But I was young and foolish, and now am full of tears.

External links

Wikipedia
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Source material

Up to date as of January 22, 2010

From Wikisource

Cornhuskers by Carl Sandburg
Grass
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Information about this edition

PILE the bodies high at Austerlitz and Waterloo.
Shovel them under and let me work—
                I am the grass; I cover all.

And pile them high at Gettysburg
And pile them high at Ypres and Verdun.
Shovel them under and let me work.
Two years, ten years, and passengers ask the conductor:
                What place is this?
                Where are we now?

                I am the grass.
                Let me work.


Bible wiki

Up to date as of January 23, 2010

From BibleWiki

  1. Heb. hatsir, ripe grass fit for mowing (1 Kg 18:5; Job 40:15; Ps 10414). As the herbage rapidly fades under the scorching sun, it is used as an image of the brevity of human life (Isa 40:6, 7; Ps 905). In Num 11:5 this word is rendered "leeks."
  2. Heb. deshe', green grass (Gen 1:11, 12; Isa 66:14; Deut 32:2). "The sickly and forced blades of grass which spring up on the flat plastered roofs of houses in the East are used as an emblem of speedy destruction, because they are small and weak, and because, under the scorching rays of the sun, they soon wither away" (2Kg 19:26; Ps 1296; Isa 37:27).

The dry stalks of grass were often used as fuel for the oven (Mt 6:30; 13:30; Lk 12:28).

This entry includes text from Easton's Bible Dictionary, 1897.

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Simple English

[[File:|thumb|180px|Grass]]

Grass is a type of plant. A common kind of grass is used to cover the ground, in a lawn. If it gets too cold or dry, lawn grass turns brown.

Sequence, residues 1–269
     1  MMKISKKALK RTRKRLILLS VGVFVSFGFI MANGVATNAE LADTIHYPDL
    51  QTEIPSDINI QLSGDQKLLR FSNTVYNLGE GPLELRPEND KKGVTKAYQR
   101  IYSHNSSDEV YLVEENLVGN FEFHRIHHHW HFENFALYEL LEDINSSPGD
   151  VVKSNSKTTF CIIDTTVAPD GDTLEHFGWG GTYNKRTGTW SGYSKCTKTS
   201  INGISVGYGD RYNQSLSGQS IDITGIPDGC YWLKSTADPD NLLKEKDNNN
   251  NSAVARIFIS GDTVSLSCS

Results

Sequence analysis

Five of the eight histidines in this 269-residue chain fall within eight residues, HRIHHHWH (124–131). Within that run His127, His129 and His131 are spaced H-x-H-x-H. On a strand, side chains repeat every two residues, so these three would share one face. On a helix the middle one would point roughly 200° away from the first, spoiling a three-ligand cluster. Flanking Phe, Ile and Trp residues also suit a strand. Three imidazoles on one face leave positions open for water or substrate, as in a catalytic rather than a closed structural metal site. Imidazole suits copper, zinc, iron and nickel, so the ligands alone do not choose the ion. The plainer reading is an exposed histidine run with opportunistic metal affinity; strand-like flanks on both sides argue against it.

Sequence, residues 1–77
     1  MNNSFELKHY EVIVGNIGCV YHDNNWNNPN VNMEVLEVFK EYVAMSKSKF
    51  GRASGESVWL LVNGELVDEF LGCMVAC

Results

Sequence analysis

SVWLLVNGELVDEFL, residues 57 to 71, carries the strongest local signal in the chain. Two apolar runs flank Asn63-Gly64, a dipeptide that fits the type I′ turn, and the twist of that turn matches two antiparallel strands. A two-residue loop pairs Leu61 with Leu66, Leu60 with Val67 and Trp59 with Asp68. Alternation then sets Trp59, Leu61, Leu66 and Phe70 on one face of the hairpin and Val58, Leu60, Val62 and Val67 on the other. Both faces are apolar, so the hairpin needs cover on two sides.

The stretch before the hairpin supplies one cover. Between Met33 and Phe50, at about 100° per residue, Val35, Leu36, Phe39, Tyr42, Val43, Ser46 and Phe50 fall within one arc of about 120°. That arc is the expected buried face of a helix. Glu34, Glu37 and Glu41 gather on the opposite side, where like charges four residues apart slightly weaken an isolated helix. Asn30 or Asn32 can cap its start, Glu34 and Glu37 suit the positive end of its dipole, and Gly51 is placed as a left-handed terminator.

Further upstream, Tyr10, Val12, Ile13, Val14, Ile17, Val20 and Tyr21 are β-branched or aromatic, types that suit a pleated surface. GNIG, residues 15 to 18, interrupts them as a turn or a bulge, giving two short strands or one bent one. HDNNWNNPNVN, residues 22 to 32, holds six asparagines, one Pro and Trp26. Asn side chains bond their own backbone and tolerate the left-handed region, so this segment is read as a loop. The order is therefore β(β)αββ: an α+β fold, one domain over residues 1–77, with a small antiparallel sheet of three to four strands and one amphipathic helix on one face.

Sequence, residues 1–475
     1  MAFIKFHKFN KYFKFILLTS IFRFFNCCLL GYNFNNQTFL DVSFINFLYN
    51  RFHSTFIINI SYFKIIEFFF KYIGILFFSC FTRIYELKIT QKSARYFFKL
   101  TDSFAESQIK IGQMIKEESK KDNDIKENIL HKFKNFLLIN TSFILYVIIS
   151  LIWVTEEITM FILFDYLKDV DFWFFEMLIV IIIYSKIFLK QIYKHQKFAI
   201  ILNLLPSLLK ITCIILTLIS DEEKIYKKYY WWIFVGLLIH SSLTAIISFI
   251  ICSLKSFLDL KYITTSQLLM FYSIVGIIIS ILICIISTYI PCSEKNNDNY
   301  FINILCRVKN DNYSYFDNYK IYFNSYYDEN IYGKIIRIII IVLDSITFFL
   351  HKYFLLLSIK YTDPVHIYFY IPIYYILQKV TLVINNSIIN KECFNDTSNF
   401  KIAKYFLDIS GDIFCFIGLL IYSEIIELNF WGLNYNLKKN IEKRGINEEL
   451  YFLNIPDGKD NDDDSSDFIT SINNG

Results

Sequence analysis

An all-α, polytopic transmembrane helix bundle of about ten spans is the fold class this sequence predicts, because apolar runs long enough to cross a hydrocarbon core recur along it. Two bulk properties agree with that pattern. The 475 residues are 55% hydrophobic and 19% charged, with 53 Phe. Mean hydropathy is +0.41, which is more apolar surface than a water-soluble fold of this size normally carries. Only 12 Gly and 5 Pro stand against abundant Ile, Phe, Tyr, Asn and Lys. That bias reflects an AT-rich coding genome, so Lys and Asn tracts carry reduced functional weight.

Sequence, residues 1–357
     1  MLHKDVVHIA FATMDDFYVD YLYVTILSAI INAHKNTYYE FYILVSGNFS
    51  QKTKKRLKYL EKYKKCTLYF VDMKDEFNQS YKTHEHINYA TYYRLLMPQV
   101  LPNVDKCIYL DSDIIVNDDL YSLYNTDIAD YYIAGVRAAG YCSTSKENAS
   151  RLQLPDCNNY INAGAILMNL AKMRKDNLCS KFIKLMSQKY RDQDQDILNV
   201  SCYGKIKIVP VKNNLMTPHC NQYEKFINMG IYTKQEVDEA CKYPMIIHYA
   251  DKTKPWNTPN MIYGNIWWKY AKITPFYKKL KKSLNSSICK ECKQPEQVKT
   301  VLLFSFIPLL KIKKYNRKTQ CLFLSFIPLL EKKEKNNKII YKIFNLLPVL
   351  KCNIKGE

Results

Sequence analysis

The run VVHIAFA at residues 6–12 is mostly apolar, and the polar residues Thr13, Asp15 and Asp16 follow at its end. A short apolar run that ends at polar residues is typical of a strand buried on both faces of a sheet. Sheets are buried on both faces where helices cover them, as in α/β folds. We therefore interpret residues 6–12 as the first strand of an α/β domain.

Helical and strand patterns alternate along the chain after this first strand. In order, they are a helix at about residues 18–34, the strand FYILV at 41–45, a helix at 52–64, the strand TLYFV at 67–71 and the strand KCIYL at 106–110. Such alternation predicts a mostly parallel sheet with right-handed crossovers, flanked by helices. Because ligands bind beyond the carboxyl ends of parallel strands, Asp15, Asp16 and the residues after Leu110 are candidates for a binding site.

There is a family of plants called the "grass family". The plants in the grass family are called grasses, but many are different from lawn grass. A few of the other plants in the grass family are corn plants, wheat plants, rushes, reeds, rice, barley, oats, millet, papyrus, water chestnut, crabgrass, and many other important types of plants. Grass has thin, green leaves that are called blades. Many grasses are short, but some grasses, like bamboo can grow very tall. Plants from the grass family can grow in many places, even if they are very cold or very dry.

Contents

Grass in nature

Grasses are an important food for many animals, like deer, buffalo, cows, mice, grasshoppers, caterpillars, and many others. Without grass, dirt can wash away into rivers, this is called erosion. Sometimes grass's roots keep trees from growing very fast, so it is better to plant clover under trees.

[[File:|250px|thumb|left|This picture shows the parts of a grass plant.]]

Grass and people

Lawn grass is planted on sports fields and in the area around a building. Many chemicals and a lot of water is used to grow lawn grass. This usually happens in suburbs.

People have used grasses for a long time. People eat parts of grasses. Corn, wheat, barley, oats, rice and millet are common grains used for food and to make alcohol such as beer. Sugar comes from sugar cane, which is also a plant in the grass family. People have grown grasses as food for farm animals for about 10,000 years. Grasses have also been used to make paper for more than 4000 years. People use bamboo to build houses, fences, furniture, flutes, and other things. Grass plants can also be used as fuel, to cover roofs, and to weave baskets.

Language

In English, the word "grass" appears in several phrases. For example:

  • "The grass is always greener on the other side" means "people are never happy with what they have and want something else."
  • "Don't let the grass grow under your feet" means "Do something".
  • "A snake in the grass" is about a person that will be not be honest and will trick others.
  • Grass is sometimes used as a slang term for cannabis (also called pot, weed, or marijuana).

Other websites

Simple English Wiktionary has the word meaning for:

References

bjn:Kumpay